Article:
A trapped person who had been pulled out on Tuesday at 5:40 p.m., more than 10 hours after the morning blast, had weak vital signs and died after being taken to a hospital, according to a Tianjin Daily report posted by the Tianjin government on social media.
The actual number of casualties from such events may be much higher. The actual number of casualties is difficult to verify, as the Chinese regime routinely suppresses or alters information.
The event remains under investigation, but it appears to point to the deterioration of infrastructure.
Three floors of the six-story building collapsed. State media Xinhua News Agency reported the subsequent explosion occurred around 7:15 a.m. on Tuesday.
Photos from the scene showed upper stories of the building caved in, but no obvious damage to neighboring units.
Tianjin lies roughly an hour by train from Beijing.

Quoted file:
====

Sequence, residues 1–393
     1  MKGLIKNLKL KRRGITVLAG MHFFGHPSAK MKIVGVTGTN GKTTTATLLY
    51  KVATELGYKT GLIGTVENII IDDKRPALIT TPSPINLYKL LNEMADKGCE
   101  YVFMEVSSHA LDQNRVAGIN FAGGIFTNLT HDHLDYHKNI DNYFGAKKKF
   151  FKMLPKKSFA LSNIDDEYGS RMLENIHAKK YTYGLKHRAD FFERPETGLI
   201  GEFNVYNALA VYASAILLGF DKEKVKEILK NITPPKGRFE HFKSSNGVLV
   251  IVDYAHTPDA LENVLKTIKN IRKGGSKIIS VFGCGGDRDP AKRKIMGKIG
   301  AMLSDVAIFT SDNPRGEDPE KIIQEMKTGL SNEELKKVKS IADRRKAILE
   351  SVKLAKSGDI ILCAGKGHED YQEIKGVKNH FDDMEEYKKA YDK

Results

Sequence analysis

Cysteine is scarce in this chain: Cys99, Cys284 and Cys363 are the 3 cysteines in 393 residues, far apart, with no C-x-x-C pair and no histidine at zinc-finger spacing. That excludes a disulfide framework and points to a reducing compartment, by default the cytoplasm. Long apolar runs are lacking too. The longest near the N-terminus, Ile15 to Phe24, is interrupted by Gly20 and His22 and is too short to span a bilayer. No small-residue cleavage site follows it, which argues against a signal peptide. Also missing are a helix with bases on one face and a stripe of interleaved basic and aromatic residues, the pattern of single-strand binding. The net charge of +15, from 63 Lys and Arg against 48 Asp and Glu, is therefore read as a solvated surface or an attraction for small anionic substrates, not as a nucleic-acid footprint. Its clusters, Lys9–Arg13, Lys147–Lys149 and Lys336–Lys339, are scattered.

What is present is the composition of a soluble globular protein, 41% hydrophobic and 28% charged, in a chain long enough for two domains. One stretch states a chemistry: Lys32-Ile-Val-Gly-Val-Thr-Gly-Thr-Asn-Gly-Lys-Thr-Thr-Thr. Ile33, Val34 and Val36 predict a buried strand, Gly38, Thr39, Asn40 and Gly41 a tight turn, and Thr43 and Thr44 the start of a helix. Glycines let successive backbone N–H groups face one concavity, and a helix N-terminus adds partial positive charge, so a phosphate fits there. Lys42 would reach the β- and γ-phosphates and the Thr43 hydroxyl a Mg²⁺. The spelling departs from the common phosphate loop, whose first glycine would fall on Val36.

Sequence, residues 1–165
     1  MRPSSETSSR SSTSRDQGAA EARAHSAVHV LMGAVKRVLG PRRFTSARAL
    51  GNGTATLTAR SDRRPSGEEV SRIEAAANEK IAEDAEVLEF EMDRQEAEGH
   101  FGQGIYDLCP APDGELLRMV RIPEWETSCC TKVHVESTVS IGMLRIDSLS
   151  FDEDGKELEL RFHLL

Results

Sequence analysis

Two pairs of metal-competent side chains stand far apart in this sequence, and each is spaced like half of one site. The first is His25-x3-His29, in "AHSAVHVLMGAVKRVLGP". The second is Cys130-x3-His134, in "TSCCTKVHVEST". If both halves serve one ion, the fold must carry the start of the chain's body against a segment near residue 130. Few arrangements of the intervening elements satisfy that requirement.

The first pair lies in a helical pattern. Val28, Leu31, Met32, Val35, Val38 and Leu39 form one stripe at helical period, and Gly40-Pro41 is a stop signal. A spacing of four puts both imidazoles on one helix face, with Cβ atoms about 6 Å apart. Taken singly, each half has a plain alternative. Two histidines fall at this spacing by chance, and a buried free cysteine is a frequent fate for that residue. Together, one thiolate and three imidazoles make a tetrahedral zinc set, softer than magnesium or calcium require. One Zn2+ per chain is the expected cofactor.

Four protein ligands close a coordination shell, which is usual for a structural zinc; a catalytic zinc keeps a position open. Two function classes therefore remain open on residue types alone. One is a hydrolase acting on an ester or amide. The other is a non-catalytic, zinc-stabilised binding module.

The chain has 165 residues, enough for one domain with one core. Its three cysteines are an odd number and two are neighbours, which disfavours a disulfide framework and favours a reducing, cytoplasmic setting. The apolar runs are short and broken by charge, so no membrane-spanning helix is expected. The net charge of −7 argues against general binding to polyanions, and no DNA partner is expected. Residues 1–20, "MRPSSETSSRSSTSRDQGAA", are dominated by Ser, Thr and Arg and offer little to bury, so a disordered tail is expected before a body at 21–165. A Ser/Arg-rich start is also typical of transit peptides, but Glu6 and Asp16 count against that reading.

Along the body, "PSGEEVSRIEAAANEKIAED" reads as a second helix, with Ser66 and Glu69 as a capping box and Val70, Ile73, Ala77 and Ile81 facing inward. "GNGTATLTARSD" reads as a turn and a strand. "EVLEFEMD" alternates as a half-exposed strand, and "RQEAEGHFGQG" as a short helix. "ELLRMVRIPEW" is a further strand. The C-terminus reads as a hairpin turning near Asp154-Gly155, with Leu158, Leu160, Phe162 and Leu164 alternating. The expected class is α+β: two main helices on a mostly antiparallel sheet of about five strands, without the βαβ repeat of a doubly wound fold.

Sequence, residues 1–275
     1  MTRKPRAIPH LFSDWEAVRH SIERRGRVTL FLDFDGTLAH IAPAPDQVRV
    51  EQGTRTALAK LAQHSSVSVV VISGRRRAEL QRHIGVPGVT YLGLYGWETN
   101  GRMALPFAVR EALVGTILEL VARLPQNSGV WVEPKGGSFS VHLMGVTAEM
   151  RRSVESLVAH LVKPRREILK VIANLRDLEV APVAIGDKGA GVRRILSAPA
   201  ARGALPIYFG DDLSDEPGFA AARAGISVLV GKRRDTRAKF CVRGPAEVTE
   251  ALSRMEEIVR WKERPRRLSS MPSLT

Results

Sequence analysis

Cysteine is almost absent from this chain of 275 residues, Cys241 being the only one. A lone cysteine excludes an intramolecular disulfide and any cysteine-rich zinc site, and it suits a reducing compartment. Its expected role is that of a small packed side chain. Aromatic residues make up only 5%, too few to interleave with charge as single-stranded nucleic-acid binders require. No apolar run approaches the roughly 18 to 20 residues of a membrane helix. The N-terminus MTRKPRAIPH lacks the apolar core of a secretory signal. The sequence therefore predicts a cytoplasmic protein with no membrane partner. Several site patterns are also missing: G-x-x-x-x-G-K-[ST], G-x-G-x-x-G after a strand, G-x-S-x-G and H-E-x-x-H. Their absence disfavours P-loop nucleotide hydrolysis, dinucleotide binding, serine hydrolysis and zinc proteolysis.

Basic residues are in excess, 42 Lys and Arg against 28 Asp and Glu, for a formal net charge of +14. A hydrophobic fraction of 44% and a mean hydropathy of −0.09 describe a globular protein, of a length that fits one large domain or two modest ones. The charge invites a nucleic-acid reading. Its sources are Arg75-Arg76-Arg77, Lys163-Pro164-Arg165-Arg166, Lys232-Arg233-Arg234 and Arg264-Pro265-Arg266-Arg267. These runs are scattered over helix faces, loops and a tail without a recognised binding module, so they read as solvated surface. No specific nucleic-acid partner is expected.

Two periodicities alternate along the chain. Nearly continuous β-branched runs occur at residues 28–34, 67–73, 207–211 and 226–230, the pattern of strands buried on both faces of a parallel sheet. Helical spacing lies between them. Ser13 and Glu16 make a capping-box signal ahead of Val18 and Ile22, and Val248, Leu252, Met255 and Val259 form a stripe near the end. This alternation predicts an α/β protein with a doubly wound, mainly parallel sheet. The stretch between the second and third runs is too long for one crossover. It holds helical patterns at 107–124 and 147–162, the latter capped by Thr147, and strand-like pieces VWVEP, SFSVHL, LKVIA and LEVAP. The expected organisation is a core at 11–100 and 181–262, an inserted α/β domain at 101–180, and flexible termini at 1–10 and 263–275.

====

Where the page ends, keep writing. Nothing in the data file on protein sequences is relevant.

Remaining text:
A massive 2015 explosion at a chemical warehouse in Tianjin killed at least 173 people, most of them firefighters and police officers.
A 2013 blast in the northeastern port of Qingdao killed at least 62 people when underground pipelines ripped open following a leak.
Smaller incidents have followed since, including explosions at a hotel in the northeastern city of Shenyang and a residential community in the central city of Shiyan that left a combined at least 28 people dead.
Building codes are also loosely enforced in rural areas and suburbs, with additional levels added to homes and businesses that lack the structural integrity to support them. In April, a block that included apartments and restaurants collapsed in the city of Changsha, killing at least 53 people.